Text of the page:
My Merriam's Mecca
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MY MERRIAM'S MECCA

My Merriam’s Mecca
By Andrew Lewand

When most people think of Spring Break, visions of Florida beaches and golden suntans come to mind. I, myself, have made many pilgrimages to escape the cold of New York and absorb the warmth of the southern sun. This spring, however, my destination was quite different. I decided to start the Grand Slam of turkey hunting and ventured to South Dakota in pursuit of a Merriam’s turkey.

The Merriam’s turkey is a majestic bird whose plumage shines a copper and green. Most noticeable is it’s white feathers that often tip the tail and the mid section of the tail. The Merriam’s also feature shorter legs than the Eastern subspecies and as a result will often sport a shorter bird.

The Mecca Begins: On Saturday, April 13th, I boarded Northwest airlines for a three plane trip to Rapid City, SD. I found it interesting that my shotgun and rifle ( I brought it along for coyote calling in case I tagged out early) were not even inspected by airline personnel. Ammunition was secured in gun case and guns were unloaded as per airline rules. The flights and layovers were uneventful and smooth. My guide, Richard Mednansky from Windsor Creek Outfitters, met me at the airport and we experienced a bit of panic when my aluminum gun case did not emerge with the rest of the luggage! Various thoughts raced through my mind as I looked in disbelief at the now empty luggage carousel. Richard, an eagle eyed Sioux Indian, came through by spotting the gun case on a separate unloading dock some thirty yards away! “Ok, things are gonna be great” I exclaimed. We proceeded to drive 2.5 hours to White River, SD and make plans for our morning hunt on the Rosebud Indian Reservation.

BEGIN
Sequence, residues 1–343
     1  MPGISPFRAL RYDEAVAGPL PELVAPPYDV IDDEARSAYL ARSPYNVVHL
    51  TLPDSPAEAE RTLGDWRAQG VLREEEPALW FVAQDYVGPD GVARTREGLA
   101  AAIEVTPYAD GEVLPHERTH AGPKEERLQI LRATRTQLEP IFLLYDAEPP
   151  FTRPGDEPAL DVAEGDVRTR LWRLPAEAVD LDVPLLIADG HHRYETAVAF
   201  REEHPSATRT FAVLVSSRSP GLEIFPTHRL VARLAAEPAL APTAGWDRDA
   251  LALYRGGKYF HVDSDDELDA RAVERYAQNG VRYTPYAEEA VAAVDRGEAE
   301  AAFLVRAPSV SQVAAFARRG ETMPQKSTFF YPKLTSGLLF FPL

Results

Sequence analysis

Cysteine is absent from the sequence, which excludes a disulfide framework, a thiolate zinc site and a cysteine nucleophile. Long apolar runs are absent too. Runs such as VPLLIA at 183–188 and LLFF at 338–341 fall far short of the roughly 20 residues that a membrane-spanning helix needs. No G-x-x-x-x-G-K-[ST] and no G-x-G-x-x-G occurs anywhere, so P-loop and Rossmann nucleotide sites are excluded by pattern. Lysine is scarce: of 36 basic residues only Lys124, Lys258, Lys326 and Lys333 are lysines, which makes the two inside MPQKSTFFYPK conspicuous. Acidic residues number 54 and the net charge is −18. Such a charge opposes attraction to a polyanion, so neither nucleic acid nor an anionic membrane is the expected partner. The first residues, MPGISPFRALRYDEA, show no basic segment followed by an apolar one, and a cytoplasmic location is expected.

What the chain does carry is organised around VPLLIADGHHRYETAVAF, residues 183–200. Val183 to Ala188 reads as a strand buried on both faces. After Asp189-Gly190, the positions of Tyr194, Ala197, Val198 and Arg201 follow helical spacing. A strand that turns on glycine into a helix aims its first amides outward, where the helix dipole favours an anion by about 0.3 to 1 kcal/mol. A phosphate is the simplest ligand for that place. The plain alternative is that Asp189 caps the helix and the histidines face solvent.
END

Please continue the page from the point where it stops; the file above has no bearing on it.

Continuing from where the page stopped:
The alarm sounded at 5:45 AM and we slipped out into Richard’s back yard which backed right up to the White River. We hadn’t travelled 50 yards and the turkey started to gobble ahead of us... and not far ahead! We took our positions and braced ourselves for action, me with my Remington 870 and Richard with the video camera. For the next 1/2 hour, the turkey’s gobbling filled the air. We were basically surrounded by gobblers. It was comical to hear them roar at each pheasant that sounded off in the distance. Then, it happened... hens made their presence known by emitted sweet tree yelps. Sure enough, just like back east, the toms instantly locked on the hens and at flydown time, the birds were gone. The rest of the morning in that area proved fruitless and I moved to set up at a travel corridor that Richard had recommended. This set up location was breathtaking. I sat nestled in some downed trees in a small pasture between two woodlots at the rivers edge. My vantage point allowed me to spot birds coming from either direction and the hills of South Dakota were present in the background making for a picturesque view. As I let some aggressive yelps emit from my glass friction call, I was interupted by the gobbles of a turkey. He quickly approached from my left and I notice immediately that he was a jake. It was too early in the trip to bag this bird, so I let him walk past. That would be the last hunting action for me on this day as the temperatures were soaring into the 80’s and I ventured back to Richard’s house to figure out a new game plan.

On the second morning of the hunt, the birds that were behind the house had relocated across the White River to unhuntable lands. I watched in vein as a mature Tom strutted and worked some hens. Try as I might, the Gobbler would not fly over the river to my calling. “Fear not, We haven’t even started to hunt yet” exclaimed Richard. “We will get our birds tonight” he stated calmly ( Note: South Dakota allows for all day hunting).